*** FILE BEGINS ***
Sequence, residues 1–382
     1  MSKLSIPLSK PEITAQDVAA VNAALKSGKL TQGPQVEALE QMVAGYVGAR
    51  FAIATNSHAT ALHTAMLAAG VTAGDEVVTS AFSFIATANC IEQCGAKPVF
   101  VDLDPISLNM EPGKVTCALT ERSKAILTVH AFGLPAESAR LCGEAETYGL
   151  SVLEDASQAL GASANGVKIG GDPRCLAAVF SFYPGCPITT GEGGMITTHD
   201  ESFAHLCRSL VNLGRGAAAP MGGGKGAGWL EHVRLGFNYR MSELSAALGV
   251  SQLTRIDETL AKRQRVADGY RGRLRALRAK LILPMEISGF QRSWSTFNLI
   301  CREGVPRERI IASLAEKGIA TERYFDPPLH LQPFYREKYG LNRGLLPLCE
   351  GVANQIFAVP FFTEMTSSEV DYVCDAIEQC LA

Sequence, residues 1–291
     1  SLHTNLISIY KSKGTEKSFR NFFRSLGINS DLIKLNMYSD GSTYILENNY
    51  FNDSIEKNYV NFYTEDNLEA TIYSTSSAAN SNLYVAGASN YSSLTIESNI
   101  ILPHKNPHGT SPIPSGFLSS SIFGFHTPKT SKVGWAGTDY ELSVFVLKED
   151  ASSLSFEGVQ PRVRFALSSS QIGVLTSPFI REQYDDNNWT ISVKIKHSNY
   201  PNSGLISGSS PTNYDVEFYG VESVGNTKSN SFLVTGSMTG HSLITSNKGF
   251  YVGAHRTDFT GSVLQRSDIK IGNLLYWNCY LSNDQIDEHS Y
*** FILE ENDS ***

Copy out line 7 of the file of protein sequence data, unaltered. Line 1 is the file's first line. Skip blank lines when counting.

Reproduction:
   251  SQLTRIDETL AKRQRVADGY RGRLRALRAK LILPMEISGF QRSWSTFNLI